Trump signs bill blocking online privacy regulation

Both the Senate and the House moved the measure forward via the Congressional Review Act in the last couple weeks, and the Administration previously indicated it disapproved of the FCC rules.

For end users, the repeal of the law effectively maintains the status quo because it was not enacted before being shuttered, but it's worth noting that the resolution contains language preventing the FCC from enabling similar privacy rules in the future.

But beyond the increasingly creepy attempt for companies to better target advertising to consumers, some might find those aforementioned examples fairly innocuous.

Pai is alluding to the notion that companies like Google and Facebook have the ability to sell people's personal data to advertisers, while the clarity and degree of consent is sometimes dubious.

Others who support the FCC rules are trying to appeal to Trump, who has not yet signed the bill into law.

If the government believes that location data is sensitive and requires more explicit consumer disclosures and permissions, then those protections should apply to all players that have access to location data, whether an ISP or edge player or search engine. As Representative Greg Walden (R-OR) puts it, the new, altered rules of FCC "have the potential to stifle one of the most innovative sectors" of the USA economy.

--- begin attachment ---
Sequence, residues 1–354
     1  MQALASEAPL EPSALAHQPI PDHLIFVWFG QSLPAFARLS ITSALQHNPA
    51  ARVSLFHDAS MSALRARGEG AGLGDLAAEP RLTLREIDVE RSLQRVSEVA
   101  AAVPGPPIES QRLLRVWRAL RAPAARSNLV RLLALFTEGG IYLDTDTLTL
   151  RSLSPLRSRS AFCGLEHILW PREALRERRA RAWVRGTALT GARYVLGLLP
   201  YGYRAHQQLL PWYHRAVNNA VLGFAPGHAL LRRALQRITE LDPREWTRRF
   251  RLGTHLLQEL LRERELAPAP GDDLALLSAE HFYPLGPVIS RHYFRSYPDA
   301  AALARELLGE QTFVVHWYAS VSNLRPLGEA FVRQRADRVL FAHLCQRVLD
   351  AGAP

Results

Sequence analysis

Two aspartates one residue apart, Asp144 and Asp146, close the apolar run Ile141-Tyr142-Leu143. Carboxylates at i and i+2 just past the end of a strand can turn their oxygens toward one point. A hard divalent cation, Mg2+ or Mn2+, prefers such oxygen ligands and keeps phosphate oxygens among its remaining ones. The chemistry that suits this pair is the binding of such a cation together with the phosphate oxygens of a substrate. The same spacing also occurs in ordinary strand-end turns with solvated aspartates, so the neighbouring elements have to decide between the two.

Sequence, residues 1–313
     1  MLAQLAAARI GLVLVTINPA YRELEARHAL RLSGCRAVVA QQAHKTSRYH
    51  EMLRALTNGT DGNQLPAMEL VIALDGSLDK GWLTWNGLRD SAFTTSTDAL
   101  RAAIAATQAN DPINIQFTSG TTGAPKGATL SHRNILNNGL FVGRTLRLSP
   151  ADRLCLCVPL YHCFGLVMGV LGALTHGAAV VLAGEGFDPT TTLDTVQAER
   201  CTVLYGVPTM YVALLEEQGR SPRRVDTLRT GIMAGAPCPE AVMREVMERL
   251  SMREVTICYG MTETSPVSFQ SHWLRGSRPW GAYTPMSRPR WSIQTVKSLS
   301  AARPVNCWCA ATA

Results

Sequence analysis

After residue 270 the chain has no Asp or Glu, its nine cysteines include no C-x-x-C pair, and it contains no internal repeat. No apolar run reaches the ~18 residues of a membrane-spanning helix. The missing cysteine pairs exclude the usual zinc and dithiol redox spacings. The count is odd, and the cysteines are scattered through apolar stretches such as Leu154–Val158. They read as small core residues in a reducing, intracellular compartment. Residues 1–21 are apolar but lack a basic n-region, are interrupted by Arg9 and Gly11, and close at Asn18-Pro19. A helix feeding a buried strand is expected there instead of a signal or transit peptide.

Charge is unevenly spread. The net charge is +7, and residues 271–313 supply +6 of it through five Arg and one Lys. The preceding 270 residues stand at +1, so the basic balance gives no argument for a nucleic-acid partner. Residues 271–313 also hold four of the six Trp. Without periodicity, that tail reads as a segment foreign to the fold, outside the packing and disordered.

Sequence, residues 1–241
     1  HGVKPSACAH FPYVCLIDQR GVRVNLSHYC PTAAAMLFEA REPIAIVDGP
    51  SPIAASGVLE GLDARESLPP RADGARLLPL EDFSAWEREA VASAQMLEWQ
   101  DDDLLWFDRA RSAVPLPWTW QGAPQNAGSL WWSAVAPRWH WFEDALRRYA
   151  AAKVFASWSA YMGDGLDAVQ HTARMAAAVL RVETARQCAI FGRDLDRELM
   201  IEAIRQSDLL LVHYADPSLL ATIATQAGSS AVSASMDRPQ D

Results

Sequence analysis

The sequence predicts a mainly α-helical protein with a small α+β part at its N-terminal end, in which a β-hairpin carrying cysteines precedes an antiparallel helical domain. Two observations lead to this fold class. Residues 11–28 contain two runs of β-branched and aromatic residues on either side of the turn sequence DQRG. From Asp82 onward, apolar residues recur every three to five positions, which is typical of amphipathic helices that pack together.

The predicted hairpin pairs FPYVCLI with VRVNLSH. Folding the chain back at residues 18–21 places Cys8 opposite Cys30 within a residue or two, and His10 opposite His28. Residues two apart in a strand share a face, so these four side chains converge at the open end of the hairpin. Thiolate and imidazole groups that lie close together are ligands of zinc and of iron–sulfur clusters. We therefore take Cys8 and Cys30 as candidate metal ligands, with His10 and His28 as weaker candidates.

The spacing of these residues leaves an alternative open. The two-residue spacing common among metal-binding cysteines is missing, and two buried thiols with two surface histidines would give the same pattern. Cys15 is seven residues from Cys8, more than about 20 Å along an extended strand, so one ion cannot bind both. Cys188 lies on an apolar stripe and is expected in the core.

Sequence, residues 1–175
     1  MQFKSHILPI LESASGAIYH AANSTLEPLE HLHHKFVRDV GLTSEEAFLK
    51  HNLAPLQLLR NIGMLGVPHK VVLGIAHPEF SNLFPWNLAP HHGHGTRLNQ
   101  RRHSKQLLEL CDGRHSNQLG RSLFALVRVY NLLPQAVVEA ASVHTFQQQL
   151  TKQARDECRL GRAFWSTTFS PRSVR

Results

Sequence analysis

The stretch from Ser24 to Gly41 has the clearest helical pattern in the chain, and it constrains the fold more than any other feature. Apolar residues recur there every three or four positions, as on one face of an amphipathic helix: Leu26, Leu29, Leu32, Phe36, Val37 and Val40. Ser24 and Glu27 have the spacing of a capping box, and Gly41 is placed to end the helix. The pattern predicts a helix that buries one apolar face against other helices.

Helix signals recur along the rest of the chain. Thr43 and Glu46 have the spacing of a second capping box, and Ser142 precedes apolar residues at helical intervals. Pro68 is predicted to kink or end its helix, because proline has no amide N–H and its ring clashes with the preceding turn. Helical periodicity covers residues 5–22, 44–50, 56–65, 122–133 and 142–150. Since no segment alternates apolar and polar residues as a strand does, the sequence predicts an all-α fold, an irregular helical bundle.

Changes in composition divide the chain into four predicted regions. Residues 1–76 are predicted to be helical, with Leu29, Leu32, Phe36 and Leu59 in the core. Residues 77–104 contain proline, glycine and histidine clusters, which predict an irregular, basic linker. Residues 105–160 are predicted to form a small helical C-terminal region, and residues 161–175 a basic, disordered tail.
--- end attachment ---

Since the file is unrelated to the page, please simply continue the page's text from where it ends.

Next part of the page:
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"FCC Chairman Ajit Pai's commitment to modelling the Federal Trade Commission's well-tested approach is a meaningful step toward a consistent set of privacy protections that are pro-consumer and pro-innovation". This happened because the USA internet service providers argued that the FCC's rules favored tech giants like Google and Facebook and restricted the ISPs from getting the same privileges.

On Friday, Verizon, AT&T, and Comcast said they would voluntarily not sell their customers' individual web browsing information.

Providers would have been allowed share and sell non-sensitive information - such as names, IP address and anything else not on the sensitive list - under the privacy rules, but customers would have been allowed to opt-out.

Since the House vote last week, there has been renewed interest in online privacy and US web users have been searching for ways to keep their browsing habits away from prying eyes.

"We welcome President Trump's action today affirming Congress' decision to hit the reset button by stopping rules that would have created a confusing and conflicting consumer privacy framework", Jonathan Spalter, CEO of broadband industry trade group USTelecom, said in a statement.

In his own blog post, Bob Quinn, AT&T senior executive vice president of external and legislative affairs, stressed that customers will continue to be protected under the company's privacy policies once Trump signs the bill into law. Privacy advocates claimed that without the FCC rules, consumers risked having their sensitive personal information sold to the highest bidder. "It does provide an opportunity for President Trump, however".

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